Criminal Law (4)

Laurence Ginnell

For an offence committed against himself, as distinguished from one against his property, the plaintiff obtained a general judgment which he was entitled to realise out of any property belonging to the defendant that he pleased. If the defendant preferred to pay in any particular kind, he should offer it promptly. The judgments ran—so many screpalls for a white wound, so many for a red wound, so many for a lump blow, so many for a wound which left a mark on the face, so many for one which left no mark. These amounts, however, were only fixed by the law for the brehon's guidance, and subject to increase or diminution by him according as negligence on the one side, contributary negligence on the other, provocation, self-defence, accident, or any other modifying element appeared in the case. Subject to such modifications, minute regulations are laid down for a vast number of conditions, occupations, and circumstances, and the various offences connected with them. Of crimes directly against the person, the more serious have been noticed in connection with eric and honour-price. All fines were what we should consider heavy, fines for crimes against the person especially so.

A fine of two cows was very heavy for a lump blow, that is, a blow which raised a lump but did not draw blood. And the same was the fine inflicted for shaving a man against his will. I think it meant shaving his head. This was an ignominious form of punishment in England under Alfred, and it may have been so in Ireland as well, and therefore if done without authority of law it would be particularly outrageous. It must also have been peculiarly aggravating among a people like the Irish who took pride in their long hair. They knew how to punish it at all events. But it must be remembered that the amount of a fine was affected by the status of the criminal as well as by that of the person he had outraged, and the heavy fines stated in the text applied only to aires or persons of full status who, as such, were wealthy. It is also fair to point out that the punishments of ancient laws were generally severe, some of them much more so than those of the Irish laws. Take a specimen from the dooms of Alfred, the model English king:—"He who curseth his father or mother, let him perish by death."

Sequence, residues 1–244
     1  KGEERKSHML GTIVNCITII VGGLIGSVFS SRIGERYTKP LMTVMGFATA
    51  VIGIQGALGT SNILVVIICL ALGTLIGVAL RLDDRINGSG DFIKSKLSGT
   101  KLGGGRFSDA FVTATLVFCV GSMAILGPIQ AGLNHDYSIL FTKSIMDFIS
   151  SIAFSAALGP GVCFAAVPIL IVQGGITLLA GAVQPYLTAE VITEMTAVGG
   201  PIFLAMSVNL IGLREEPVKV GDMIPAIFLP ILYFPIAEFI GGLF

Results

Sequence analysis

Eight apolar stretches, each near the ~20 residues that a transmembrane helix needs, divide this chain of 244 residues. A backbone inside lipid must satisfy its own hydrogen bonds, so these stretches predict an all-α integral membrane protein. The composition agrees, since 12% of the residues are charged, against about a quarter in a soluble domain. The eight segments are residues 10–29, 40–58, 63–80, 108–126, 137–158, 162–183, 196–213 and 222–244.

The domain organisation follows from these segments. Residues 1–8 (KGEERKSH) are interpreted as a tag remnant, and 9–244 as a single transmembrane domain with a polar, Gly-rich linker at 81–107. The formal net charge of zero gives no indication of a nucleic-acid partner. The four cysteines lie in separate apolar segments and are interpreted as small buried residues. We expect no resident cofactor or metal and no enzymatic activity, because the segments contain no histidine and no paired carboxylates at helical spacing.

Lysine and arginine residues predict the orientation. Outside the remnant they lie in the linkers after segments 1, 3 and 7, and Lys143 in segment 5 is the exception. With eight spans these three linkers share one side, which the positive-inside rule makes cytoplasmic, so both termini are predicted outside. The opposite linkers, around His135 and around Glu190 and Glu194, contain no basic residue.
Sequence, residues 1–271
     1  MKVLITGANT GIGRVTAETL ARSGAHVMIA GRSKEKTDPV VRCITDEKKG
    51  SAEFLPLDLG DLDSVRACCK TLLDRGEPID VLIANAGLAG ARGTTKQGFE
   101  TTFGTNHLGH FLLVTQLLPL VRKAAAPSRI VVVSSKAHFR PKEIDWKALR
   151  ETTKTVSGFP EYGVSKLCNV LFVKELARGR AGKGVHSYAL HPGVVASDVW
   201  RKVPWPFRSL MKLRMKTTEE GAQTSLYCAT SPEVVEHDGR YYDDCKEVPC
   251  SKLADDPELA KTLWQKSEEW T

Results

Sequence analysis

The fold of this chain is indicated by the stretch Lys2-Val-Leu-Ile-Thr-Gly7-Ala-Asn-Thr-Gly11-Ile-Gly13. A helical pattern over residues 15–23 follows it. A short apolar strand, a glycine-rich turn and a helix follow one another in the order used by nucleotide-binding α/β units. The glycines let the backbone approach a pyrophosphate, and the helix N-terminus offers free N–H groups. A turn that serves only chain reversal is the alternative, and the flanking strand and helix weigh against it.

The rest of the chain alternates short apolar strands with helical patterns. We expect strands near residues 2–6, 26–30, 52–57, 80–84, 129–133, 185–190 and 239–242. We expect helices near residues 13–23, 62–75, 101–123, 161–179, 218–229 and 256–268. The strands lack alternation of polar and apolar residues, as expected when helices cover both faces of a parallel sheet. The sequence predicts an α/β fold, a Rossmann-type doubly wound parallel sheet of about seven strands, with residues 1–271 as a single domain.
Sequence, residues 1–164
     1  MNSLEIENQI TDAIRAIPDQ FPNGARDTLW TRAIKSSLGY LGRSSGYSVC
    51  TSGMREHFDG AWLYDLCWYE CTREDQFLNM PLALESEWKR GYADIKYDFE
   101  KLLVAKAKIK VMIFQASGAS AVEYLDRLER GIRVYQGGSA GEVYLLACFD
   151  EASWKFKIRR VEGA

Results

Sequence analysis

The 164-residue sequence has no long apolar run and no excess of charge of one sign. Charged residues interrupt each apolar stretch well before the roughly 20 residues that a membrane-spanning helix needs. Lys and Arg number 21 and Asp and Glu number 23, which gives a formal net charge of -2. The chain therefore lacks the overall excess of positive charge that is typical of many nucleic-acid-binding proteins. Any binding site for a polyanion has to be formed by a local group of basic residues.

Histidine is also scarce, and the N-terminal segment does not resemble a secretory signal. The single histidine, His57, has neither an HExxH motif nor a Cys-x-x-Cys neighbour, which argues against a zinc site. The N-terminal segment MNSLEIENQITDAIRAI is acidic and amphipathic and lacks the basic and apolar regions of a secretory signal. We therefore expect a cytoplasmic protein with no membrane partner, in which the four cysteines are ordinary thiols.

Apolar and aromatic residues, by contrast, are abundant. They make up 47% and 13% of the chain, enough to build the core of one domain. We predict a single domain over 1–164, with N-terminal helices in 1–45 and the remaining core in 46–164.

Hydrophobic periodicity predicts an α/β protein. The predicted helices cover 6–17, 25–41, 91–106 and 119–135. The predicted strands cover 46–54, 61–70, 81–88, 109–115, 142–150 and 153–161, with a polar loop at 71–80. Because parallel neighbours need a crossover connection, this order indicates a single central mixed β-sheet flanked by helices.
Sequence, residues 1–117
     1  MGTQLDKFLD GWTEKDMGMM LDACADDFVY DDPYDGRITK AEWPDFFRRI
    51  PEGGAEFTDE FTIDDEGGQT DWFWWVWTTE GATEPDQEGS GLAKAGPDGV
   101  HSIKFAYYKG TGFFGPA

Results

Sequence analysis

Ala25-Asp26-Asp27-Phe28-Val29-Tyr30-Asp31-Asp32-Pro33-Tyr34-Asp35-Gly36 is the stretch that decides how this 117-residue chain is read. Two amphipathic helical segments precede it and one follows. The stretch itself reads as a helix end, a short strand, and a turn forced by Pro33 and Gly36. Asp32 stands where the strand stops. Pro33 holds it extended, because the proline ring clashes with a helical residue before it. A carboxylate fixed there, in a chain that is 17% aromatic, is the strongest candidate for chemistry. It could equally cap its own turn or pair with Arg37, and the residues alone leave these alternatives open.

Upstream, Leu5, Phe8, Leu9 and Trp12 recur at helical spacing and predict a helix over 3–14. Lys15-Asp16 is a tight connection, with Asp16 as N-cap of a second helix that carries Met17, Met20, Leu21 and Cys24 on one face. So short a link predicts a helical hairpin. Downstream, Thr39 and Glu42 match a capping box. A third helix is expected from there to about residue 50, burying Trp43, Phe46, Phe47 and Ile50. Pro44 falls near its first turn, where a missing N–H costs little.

If one wounded a man who was the sole support of a family, he was fined for the actual injury, he had to pay for the medical and surgical attendance, and he had to pay a substitute to carry on the injured person's business. Fines are laid down for injury resulting in the loss of limbs, eyes, and all members; and the amount was affected by, among other things, the use the person was accustomed to make of the limb before its injury. One who knocked the nail off the finger of a harper was fined more than if he had inflicted a similar injury upon any other person. Another element sometimes presenting itself in calculating the amount of fine to be paid for a crime was, that the accused might have been provoked by some antecedent crime of the accuser. If this was shown, and the previous offence was one of which the law took cognizance, the judge was allowed to apply the principle of setoff, as were the judges of England according to the Laws of Henry the First.